Disable Directory Indexing

Jetty has had vulnerabilities related to directory indexing (sigh) so we suggest disabling that feature at this point. There are a few different ways this can be done, but one method that's fairly self-contained within the IdP footprint is to modify web.xml (i.e. copy the original version from idp.home/dist/webapp/WEB-INF/web.xml to idp.home/edit-webapp/WEB-INF/web.xml) and then rebuild the war file.

web.xml addition

You can place it above the existing <servlet> elements in the file.

TLS Ciphers

As with all web servers, it's a challenge to stay on top of all the best practices related to TLS/SSL versions, ciphers, etc. Jetty has been good of late in shipping reasonable defaults, but they frequently get bad advice pressuring them to be "more interoperable", so it's hard to count on things staying good. It's usually best to be in a position to make adjustments to this quickly, and test after upgrades.

Jetty documents a way to adjust this sort of thing here. The basic procedure is to create a file at etc/tls-config.xml to adjust the settings. You should do some testing against SSL Labs or some other source of information to evaluate what the defaults look like and make any adjustments you think are warranted.

Optional Configuration

Supporting SOAP Endpoints

As noted above, this is no longer something we support via a separate port. You should publish support for SOAP, if you need it, on port 443 in your metadata. The IdP will automatically reject any requests it cannot authenticate using message signatures.

Other Modules

Jetty has a ton of advanced and optional functionality available in the form of modules that can be enabled selectively. They don't function in the way Apache modules do, but they're basically packaged "example" configuration files that will get copied from JETTY_HOME into JETTY_BASE when you need them and you get "just" the minimum files needed to support the feature but keep future upgrades simple.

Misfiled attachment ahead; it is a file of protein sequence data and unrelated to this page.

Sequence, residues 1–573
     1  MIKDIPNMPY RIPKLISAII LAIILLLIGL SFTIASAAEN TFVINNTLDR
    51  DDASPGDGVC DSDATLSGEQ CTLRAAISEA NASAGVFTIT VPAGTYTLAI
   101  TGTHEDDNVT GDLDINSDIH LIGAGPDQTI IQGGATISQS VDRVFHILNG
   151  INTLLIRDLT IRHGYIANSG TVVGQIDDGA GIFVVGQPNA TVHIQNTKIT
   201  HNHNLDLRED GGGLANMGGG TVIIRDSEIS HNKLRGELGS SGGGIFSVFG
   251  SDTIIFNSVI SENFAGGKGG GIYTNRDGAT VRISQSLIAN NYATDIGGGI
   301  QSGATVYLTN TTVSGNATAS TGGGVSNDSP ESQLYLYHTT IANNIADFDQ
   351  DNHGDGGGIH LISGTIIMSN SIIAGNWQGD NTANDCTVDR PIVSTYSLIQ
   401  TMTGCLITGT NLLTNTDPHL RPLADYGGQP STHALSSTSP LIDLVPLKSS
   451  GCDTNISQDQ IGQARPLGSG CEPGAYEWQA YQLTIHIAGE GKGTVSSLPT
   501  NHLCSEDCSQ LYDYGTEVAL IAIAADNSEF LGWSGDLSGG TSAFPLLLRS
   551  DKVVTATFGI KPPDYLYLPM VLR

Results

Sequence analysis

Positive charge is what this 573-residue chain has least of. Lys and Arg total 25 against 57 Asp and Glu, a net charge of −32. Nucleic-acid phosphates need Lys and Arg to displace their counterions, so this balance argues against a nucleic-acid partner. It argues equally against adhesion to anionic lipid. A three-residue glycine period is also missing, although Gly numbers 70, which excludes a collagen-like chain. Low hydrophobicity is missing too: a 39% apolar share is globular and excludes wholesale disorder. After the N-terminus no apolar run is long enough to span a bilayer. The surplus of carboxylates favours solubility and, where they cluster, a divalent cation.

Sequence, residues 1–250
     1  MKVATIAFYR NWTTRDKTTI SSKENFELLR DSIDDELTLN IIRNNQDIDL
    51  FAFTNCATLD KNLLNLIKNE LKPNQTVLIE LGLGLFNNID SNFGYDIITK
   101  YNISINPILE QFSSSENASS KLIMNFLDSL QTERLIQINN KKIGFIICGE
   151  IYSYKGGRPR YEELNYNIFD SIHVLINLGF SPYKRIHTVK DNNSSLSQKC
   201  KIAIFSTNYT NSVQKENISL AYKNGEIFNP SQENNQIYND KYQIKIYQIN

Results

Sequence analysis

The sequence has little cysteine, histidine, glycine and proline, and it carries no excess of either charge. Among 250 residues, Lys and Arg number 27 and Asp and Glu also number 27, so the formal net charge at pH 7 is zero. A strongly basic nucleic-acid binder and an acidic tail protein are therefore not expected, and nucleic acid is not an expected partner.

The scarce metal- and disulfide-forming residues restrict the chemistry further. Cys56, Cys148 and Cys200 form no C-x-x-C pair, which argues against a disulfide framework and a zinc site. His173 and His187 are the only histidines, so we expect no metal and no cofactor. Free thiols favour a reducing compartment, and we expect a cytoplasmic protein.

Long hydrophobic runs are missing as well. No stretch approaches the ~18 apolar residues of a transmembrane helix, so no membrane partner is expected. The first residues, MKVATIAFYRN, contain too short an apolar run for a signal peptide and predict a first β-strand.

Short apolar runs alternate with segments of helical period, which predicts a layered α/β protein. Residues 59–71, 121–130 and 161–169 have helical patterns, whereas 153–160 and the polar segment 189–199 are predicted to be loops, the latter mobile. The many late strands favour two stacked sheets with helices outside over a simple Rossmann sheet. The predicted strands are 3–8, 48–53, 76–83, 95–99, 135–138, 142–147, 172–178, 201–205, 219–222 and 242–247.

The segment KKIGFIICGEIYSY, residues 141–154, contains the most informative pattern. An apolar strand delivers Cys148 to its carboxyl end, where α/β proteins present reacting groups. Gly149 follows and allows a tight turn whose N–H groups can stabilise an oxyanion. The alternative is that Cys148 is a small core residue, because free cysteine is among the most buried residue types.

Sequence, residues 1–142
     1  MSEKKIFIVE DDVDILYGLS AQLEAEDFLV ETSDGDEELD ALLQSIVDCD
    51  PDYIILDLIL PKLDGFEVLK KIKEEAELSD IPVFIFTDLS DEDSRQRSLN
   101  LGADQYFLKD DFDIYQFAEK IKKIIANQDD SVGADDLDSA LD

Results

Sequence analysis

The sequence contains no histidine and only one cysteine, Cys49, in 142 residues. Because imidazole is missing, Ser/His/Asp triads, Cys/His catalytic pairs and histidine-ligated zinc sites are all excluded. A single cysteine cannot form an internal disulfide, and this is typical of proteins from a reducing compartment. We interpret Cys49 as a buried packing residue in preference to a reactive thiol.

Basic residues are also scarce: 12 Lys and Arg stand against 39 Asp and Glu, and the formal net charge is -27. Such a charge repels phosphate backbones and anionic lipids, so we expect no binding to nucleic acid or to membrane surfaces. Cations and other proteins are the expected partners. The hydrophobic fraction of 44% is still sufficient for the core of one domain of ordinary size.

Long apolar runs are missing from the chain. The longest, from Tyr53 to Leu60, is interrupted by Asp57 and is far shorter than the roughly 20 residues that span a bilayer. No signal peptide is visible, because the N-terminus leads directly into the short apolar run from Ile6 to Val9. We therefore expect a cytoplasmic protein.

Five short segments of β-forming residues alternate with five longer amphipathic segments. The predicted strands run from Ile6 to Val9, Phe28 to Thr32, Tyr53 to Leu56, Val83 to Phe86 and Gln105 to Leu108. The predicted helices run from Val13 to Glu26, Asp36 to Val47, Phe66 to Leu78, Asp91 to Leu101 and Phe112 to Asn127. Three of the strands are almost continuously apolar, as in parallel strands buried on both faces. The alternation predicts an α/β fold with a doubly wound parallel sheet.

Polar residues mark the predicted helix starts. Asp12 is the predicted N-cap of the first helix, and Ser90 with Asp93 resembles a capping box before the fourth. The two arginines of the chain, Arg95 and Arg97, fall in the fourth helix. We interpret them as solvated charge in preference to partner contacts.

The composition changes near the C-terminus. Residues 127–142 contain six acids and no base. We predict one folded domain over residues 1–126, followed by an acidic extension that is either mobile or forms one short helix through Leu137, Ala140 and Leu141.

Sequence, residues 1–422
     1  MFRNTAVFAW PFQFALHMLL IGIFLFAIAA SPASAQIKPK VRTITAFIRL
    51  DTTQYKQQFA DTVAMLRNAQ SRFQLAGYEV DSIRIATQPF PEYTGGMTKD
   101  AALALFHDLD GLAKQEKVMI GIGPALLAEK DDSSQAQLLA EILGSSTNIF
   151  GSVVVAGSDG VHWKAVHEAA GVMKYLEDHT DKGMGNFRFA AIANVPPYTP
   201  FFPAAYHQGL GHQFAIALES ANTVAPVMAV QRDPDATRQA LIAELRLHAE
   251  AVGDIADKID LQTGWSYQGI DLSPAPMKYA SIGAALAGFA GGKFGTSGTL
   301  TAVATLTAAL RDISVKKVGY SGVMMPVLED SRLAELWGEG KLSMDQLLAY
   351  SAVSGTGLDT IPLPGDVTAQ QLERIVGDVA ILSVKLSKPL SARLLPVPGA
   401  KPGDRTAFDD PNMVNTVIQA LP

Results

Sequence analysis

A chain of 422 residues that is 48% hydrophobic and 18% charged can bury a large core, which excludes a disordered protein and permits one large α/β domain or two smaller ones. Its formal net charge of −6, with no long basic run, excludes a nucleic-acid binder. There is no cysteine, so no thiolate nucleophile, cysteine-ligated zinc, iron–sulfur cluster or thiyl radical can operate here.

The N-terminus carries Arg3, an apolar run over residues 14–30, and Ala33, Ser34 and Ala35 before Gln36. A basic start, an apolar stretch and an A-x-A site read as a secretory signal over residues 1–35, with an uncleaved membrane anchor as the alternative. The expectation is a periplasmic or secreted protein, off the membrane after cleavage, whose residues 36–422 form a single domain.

To enable a module, you run the Jetty start file from within JETTY_BASE:

Supporting X-Forwarded-For Natively

If you are running the Jetty engine behind a proxy or load balancer Jetty has built-in support for forwarding the client address and other details via headers using its “http-forwarded” module, and after adding it with the --add-module command (see previous section) you can edit the https-forwarded.ini file it will create to configure it.

Note that this example applies the forwarding rule to all ports, so if you also operate the server on other ports, those must also be proxied/protected or this will lead to exposures due to clients having the ability to smuggle in a false client address.

Local Proxying via Apache

If your IdP is behind Apache rather than proxied via a load balancer, you might only need it to listen for HTTP traffic locally. This is not applicable in general to load balancing via an applicance like an F5 or NetScaler.

At present, this involves commenting out or removing two lines from the [depend] section of idp.mod: the lines containing https and ssl.

The http-forwarded module mentioned above is also required so that requests coming to the IdP aren't seen as coming from localhost.

Finally, make sure the and jetty.http.port properties are set apropriately in idp.ini, or remove them from there and add them to http.ini.

Since 8080 is the default http port for Jetty, It's also okay to leave this unset. That change will confine Jetty to listen locally only rather than over a network.